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Implementing Incentive Regulation and Regulatory Alignment with Resource Bounded Regulators


  • Jean-Michel Glachant, Haikel Khalfallah, Yannick Perez, Vincent Rious and Marcelo Saguan


It is puzzling today to explain both the diversity and the rationale of regulators' practice vis-à-vis network monopolies. We argue that two fundamental characteristics should be considered when defining the most appropriate regulatory tools. First, it is the bounded endowment of regulators set by governments and legislators which determines their abilities (staff, budget, administrative powers) to implement any of the regulatory tools. Ranked from the easiest to the most demanding to implement, these various tools are: a- cost plus, b- price/revenue cap, c- output or performance-based regulation, d- menu of contracts and e- yardstick competition. Second, the regulators also have to take into account that the network monopolies perform multiple tasks with heterogeneous regulatory characteristics (in terms of controllability, ex ante predictability and ex post observability). These characteristics of tasks determine what type of regulatory tool is more likely to better regulate each task. The regulatory tools then perform well only when they are implemented for tasks that are controllable and predictable enough. It is the kind of observability of these tasks which determines the best incentive tool to implement. Lastly, conclusions for the regulation of networks are derived. A workable regulation of network relies on a reasonable alignment of the regulatory tools with the regulatory characteristics of tasks and the regulators resource endowment.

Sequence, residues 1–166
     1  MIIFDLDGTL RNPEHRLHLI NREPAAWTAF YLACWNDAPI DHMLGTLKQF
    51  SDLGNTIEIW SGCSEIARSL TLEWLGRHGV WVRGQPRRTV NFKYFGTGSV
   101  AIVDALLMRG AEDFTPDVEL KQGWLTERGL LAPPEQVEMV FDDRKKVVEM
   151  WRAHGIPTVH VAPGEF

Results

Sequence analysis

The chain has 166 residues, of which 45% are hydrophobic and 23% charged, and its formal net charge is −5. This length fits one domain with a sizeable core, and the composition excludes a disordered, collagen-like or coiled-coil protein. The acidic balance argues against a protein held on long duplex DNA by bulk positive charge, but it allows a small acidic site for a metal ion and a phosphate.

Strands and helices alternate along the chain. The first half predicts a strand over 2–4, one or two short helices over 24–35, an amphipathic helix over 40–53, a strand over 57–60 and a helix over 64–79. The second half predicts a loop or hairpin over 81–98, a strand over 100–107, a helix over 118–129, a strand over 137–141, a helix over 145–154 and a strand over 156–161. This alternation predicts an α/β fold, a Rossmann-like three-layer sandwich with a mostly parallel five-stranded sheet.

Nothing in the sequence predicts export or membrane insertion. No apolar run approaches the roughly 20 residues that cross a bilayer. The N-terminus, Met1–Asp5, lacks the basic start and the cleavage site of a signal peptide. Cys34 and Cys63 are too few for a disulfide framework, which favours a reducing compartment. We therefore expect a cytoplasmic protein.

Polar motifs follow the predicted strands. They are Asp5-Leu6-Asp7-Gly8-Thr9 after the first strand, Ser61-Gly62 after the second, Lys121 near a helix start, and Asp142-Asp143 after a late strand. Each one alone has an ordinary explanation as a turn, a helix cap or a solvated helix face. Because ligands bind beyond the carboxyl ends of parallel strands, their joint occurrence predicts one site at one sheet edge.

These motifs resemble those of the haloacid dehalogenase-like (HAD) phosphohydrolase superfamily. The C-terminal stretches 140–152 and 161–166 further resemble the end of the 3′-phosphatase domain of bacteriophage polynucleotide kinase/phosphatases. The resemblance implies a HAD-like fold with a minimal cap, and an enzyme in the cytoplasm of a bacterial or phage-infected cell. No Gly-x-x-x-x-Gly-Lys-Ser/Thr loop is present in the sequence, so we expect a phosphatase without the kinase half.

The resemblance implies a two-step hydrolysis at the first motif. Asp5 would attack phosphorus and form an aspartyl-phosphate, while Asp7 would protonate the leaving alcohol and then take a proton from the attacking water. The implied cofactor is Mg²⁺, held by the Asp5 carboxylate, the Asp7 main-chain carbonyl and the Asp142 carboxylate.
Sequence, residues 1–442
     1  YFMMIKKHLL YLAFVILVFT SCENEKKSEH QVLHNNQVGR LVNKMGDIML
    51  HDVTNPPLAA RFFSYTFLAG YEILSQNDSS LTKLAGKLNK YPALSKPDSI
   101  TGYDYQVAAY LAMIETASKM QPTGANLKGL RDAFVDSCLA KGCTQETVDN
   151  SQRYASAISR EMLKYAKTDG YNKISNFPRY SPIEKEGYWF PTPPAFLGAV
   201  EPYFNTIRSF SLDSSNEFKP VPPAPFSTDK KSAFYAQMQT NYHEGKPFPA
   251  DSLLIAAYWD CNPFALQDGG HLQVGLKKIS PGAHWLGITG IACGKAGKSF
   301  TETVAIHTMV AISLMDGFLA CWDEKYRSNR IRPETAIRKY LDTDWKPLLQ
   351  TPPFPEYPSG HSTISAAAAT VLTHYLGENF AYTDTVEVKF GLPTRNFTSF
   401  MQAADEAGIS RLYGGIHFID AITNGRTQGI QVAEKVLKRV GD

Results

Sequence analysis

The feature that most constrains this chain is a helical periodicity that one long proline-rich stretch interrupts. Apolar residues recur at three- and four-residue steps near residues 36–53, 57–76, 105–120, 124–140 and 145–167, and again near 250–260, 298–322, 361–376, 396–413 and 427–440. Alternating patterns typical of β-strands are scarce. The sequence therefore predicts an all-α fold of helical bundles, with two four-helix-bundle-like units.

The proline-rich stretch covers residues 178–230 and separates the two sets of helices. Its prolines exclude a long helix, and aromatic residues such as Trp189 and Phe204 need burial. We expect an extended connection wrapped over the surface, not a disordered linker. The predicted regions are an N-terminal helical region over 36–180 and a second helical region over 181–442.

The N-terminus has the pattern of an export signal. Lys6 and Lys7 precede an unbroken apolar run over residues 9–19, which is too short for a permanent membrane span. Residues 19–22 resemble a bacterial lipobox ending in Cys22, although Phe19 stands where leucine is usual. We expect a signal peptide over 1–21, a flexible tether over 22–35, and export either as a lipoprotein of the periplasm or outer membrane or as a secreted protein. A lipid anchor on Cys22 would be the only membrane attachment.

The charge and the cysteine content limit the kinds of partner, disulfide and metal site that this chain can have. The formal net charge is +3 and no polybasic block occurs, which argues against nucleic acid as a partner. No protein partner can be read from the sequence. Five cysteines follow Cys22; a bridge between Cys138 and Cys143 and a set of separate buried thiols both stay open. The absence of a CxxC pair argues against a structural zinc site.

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  • Jean-Michel Glachant, Haikel Khalfallah, Yannick Perez, Vincent Rious and Marcelo Saguan, 2012. "Implementing Incentive Regulation and Regulatory Alignment with Resource Bounded Regulators," RSCAS Working Papers 2012/31, European University Institute.
  • Handle: RePEc:rsc:rsceui:2012/31

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    References listed on IDEAS

    1. Haney, Aoife Brophy & Pollitt, Michael G., 2009. "Efficiency analysis of energy networks: An international survey of regulators," Energy Policy, Elsevier, vol. 37(12), pages 5814-5830, December.
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    5. Leonardo Meeus & Marcelo Saguan & Jean-Michel Glachant & Ronnie Belmans, 2010. "Smart Regulation for Smart Grids," RSCAS Working Papers 2010/45, European University Institute.
    6. Lewis Evans & Graeme Guthrie, 2006. "Incentive Regulation of Prices When Costs are Sunk," Journal of Regulatory Economics, Springer, vol. 29(3), pages 239-264, May.
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    8. Jean-Michel Glachant & Yannick Perez, 2009. "The Achievement of Electricity Competitive Reforms: A Governance Structure Problem?," Chapters,in: Regulation, Deregulation, Reregulation, chapter 9 Edward Elgar Publishing.
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    13. Jean-Michel Glachant, 2010. "The Achievement of the EU Electricity Internal Market through Market Coupling," RSCAS Working Papers 2010/87, European University Institute.
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    Cited by:

    1. Lo Schiavo, Luca & Delfanti, Maurizio & Fumagalli, Elena & Olivieri, Valeria, 2013. "Changing the regulation for regulating the change: Innovation-driven regulatory developments for smart grids, smart metering and e-mobility in Italy," Energy Policy, Elsevier, vol. 57(C), pages 506-517.
    2. Cambini, Carlo & Croce, Annalisa & Fumagalli, Elena, 2014. "Output-based incentive regulation in electricity distribution: Evidence from Italy," Energy Economics, Elsevier, vol. 45(C), pages 205-216.
    3. Ahrend, Klaus-Michael & Meyer-Renschhausen, Martin, 2014. "Bewertung von Strom- und Gasnetzen mit Ertragswert und Realoptionen," EconStor Preprints 106943, ZBW - German National Library of Economics.
    4. Henriot, Arthur, 2013. "Financing investment in the European electricity transmission network: Consequences on long-term sustainability of the TSOs financial structure," Energy Policy, Elsevier, vol. 62(C), pages 821-829.


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